As I explained, the HIT is one of a several taxes/fees which were originally included in the Affordable Care Act which have either never actaully been enforced or whcih have only been enforced sporadically, and which have now been completely eliminated going forward.
The impact of repealing these taxes on the federal deficit/federal debt is obviously not good...this will collectively increase the already-runaway national debt by several hundred billion dollars over the next decade. That's a whole separate discussion.
In the short term, however, this raises a fascinating one-time opportunity for states to step in and generate some much-needed revenue to be used to reduce healthcare costs for tens of thousands of their residents.
The Cadillac Tax: As Newsweek reported in 2017, the so-called "Cadillac tax" would have capped the tax deductions individuals could claim based on their health insurance benefits. It would have imposed a 40 percent excise tax on employer-sponsored plans that exceeded $10,000 in premiums per year for a single person or $27,500 for a family. The Cadillac tax was set to take effect in 2022.
Believe me, I was certain that I had finally gotten this year's Medical Loss Ratio (MLR) rebate project out of my system. I really was.
However, there was one other MLR-related issue which I've wondered about for years: The ACA requires that carriers who sell policies in the Individual and Small Group markets spend at least 80% of the premium revenue on actual medical claims (limiting them to a 20% gross margin), and 85% on the Large Group market (limiting them to 15% gross).
That accounts for around 165 million people, give or take...roughly 50% of the total U.S. population...but what about the other private (or at least semi-private) insurance markets? I'm referring, of course, to privately-administered Medicare and Medicaid plans...aka Medicare Advantage and Managed Care Organizations (MCOs).
The CSR Lawsuit Saga has been a continuous rollercoaster ride since 2014 at this point, with the original lawsuit (brought by John friggin' Boehner) seeing twists including one of the plaintiffs becoming one of the named defendents, and the named defendent changing at least three times as the Trump Administration went through several HHS Secretaries over the course of a few months.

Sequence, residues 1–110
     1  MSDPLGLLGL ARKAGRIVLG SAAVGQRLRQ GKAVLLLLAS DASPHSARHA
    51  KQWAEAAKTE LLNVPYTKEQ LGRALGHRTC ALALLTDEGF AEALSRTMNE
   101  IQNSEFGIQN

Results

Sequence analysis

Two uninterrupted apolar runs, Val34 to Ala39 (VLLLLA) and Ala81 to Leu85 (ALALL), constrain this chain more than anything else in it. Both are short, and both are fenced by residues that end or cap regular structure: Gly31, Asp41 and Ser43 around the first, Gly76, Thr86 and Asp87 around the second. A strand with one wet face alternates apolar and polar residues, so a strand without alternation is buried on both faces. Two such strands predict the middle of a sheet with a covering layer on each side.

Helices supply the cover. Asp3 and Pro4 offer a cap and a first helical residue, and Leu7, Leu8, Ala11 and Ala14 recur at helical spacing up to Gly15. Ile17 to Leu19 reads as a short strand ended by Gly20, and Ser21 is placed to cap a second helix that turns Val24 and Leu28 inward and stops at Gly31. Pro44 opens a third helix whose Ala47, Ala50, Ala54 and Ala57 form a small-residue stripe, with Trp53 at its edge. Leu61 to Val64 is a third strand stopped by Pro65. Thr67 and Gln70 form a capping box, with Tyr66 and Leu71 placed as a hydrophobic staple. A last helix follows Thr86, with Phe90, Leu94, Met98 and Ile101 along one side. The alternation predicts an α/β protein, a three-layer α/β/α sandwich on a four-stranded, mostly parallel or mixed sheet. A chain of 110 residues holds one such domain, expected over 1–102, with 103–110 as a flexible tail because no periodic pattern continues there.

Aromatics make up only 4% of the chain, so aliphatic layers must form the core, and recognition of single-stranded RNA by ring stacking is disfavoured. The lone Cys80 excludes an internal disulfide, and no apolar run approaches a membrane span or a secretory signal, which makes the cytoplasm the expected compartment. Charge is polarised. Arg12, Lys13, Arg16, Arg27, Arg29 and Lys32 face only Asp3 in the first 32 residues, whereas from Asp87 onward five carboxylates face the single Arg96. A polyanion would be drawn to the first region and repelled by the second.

The extremely short version, again: Donald Trump attempted to sabotage the ACA exchanges by pulling the plug on Cost Sharing Reduction reimbursement payments...but in doing so, unintentionally ended up:
NOT hurting the very people he was trying to hurt (low-income enrollees);
HURTING the very people he supposedly wasn't trying to hurt (middle-income enrollees), and as an added bonus...
INCREASING federal spending by a projected $20 billion dollars per year in increased premium subsidies
Nearly 100 insurance carriers who were stiffed by Trump out of a couple billion dollars owed to them for 2017 sued the federal government, and the judges in the cases ruled in their favor, ordering the feds to pay up. This much was completely expected and not at all out of the ordinary.
The general thinking at the time was that the judges would simply rule in the carriers favor and order the Trump Administration to pay the carriers the money owed to them from the last three months of 2017 (over $2 billion nationally, although the amounts at stake for each individual carrier suing is generally kmore along the lines of seven figures each). If this had been what happened there likely wouldn't have been much more to the story.